An acrid smell of burning fills the air and debris is scattered all around the Mandhar Devi temple in India's Maharashtra state.
Scores of people died in the fire and the crush
The Hindu temple sits on a hill with a pretty view, but is now a scene of complete devastation following Tuesday's deadly fire and stampede.
Black fumes rise from what remains of shops lining the lane up to the temple.
Shop owners are confused, sad and angry at their loss, and many blame inaction by the authorities for what happened.
'Police did not help us'
According to officials and eyewitnesses, angry people among the crowd set fire to the shops after a stampede claimed their loved ones.
Lata Wankhede sits in despair outside what used to be her livelihood and her home for the last 25 years.
She blames inaction on the part of the police for what happened. "People had burnt just a few shops. So we asked the police to help us and stop the others from being blown up but they did not help us," she told the BBC.
"We kept crying for help but help arrived only after five to six hours, and by then everything had turned to ashes."
Shopkeepers like Lata Wankhede are angry
The fire caused gas cylinders to explode, causing more panic and deaths.
Officials put the number of shops burnt at 250.
One relief worker, VV Alka, feared the situation near the temple was still not completely under control.
"We couldn't do much because the people are angry and irritated and refuse to co-operate. We came up here to find the cause, but we are getting conflicting statements and therefore we can't make out what really happened."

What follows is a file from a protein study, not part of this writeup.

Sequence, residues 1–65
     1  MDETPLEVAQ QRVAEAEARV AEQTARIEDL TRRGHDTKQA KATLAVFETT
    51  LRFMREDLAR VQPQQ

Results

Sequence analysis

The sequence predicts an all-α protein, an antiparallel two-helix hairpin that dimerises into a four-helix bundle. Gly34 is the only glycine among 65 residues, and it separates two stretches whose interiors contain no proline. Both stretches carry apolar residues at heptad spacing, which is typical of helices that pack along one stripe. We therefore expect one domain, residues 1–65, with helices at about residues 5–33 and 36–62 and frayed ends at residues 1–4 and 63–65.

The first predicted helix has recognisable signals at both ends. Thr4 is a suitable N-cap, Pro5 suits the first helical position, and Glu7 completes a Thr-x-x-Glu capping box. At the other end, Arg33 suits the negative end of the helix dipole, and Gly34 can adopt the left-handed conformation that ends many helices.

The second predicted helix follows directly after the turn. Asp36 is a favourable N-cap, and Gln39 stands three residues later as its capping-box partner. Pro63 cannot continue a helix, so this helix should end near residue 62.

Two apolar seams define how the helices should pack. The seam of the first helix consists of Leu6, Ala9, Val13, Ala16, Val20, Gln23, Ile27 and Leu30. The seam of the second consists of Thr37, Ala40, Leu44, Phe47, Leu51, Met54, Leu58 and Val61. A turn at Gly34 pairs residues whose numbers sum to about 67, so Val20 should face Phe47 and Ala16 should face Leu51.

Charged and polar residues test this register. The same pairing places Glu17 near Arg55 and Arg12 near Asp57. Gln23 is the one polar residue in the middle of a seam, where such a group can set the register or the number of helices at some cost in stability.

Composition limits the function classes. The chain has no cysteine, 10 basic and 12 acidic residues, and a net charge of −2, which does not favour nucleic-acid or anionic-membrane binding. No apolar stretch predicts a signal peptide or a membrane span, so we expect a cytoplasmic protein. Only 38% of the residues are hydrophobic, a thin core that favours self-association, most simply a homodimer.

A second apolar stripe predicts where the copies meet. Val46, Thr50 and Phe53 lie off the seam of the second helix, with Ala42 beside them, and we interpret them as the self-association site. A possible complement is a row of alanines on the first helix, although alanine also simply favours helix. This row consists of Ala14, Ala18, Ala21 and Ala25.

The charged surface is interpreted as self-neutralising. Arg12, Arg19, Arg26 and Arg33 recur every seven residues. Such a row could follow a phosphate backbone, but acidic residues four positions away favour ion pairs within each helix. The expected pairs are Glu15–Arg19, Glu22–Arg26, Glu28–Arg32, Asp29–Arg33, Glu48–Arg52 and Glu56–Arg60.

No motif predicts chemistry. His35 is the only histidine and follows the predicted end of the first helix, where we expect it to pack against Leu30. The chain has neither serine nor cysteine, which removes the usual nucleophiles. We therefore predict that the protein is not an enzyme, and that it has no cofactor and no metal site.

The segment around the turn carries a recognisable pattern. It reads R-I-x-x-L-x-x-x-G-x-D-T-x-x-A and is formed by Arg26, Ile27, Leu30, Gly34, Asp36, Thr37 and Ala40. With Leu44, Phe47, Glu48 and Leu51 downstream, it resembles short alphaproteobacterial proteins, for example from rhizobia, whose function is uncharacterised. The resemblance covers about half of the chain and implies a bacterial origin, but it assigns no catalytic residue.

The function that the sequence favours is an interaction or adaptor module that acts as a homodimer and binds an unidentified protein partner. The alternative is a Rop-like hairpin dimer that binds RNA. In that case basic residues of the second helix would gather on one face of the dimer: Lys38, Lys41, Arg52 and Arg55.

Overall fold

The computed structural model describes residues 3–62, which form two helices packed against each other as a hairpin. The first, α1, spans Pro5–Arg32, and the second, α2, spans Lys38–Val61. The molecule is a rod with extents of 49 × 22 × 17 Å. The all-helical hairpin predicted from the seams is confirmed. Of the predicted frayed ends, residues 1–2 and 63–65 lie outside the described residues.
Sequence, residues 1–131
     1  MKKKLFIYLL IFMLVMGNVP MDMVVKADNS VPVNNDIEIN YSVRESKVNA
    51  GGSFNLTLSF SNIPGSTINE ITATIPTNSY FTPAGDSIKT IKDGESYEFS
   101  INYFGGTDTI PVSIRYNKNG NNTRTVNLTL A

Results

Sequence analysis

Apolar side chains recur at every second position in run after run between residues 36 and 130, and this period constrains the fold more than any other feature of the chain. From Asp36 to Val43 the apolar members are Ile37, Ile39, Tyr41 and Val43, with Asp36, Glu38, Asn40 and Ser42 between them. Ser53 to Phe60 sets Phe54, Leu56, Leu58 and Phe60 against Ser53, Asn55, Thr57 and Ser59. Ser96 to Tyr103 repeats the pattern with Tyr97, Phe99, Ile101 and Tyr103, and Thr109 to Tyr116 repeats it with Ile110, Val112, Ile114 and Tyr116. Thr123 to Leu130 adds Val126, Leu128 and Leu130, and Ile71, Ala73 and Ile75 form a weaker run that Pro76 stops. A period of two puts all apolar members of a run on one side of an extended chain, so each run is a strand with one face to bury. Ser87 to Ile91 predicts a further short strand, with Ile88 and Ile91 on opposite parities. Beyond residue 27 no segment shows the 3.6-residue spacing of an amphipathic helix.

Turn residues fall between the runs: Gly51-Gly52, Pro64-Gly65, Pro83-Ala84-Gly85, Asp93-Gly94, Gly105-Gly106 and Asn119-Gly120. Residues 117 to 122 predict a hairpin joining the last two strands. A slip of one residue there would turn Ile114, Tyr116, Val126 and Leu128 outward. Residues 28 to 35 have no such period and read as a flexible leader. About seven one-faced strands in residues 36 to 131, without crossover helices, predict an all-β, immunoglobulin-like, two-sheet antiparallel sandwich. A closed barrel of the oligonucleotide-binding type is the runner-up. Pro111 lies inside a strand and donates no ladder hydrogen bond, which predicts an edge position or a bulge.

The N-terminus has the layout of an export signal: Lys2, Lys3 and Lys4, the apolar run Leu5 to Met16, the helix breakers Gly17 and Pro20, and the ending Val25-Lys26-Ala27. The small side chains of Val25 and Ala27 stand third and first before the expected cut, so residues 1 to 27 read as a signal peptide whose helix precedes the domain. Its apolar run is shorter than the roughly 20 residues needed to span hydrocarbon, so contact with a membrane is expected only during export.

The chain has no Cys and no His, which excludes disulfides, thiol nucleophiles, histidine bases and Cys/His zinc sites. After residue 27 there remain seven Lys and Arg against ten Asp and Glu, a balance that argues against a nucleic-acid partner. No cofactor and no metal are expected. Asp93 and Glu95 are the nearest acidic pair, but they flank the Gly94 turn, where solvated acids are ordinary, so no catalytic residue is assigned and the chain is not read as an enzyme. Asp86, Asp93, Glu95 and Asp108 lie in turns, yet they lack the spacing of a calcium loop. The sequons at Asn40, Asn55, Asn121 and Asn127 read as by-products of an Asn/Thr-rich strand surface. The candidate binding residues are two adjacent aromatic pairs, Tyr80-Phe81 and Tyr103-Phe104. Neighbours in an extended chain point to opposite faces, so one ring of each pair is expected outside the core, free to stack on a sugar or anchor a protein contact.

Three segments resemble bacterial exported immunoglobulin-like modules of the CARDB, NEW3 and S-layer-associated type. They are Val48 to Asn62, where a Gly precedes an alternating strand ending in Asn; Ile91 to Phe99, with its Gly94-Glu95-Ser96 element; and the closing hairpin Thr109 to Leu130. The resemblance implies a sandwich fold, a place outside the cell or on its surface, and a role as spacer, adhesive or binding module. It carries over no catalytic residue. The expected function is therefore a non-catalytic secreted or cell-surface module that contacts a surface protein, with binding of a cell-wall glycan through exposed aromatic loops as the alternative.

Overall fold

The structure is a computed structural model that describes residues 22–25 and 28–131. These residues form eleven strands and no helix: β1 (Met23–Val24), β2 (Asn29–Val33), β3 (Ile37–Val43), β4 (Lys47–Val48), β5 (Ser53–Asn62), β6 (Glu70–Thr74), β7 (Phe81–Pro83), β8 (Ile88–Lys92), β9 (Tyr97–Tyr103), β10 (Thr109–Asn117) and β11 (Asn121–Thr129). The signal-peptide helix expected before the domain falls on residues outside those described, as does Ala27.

Coping with loss
More than 250 people have died so far.
Most of the bodies were taken to the mission hospital at Wai, a small town nearby. Relatives of the dead and the injured thronged the place for information.
One of those injured, Sanjay More, is mourning the death of his aunt, sister and his sister's little son.
He too blamed police inaction for the scale of disaster. "I got stuck on the hill and kept shouting for help, but to no avail. The police kept looking on, but did nothing.
"If they had tried to help people exit one-by-one from the side, it may have helped. Most people died due to suffocation. It is only by God's grace that I survived, because all others around where I was stuck died."
Sukeshini Kamble, 18, has just sat 10th-grade school exams. She is yet to come to terms with her mother's death in the stampede. With a mentally disabled father at home to support, her mother was the sole breadwinner in the family.
Just outside the room where she is lying, a desperate father is looking for his 10-year-old son, who got lost in the stampede.
'Too many doctors'
But both Sanjay and Sukeshini are satisfied with the aid provided at the hospital.
The area is littered with debris
With a team of more than 100 doctors, several non-governmental organisations, 400 policemen, police commandos and state reserve police providing relief, the patients and their relatives are well looked after.
One local official, district collector SB Patil, says: "There are more doctors than we require. We have adequate medicines as well."
The town, its people and all those gathered at the hospital are in a state of shock, huddled in groups poring over the newspaper headlines.
At the bus stand, pilgrims gathered in groups.
Shobha Kale was stuck with her two small children and husband near the temple all night in the cold without food and water.
''We were mid-way to the temple when news of the stampede reached us. We waited by the side but it became really dark," she says. "It was only in the wee hours of the morning that another family gave us a lift down into town.''
The family is still waiting for two missing members from their group.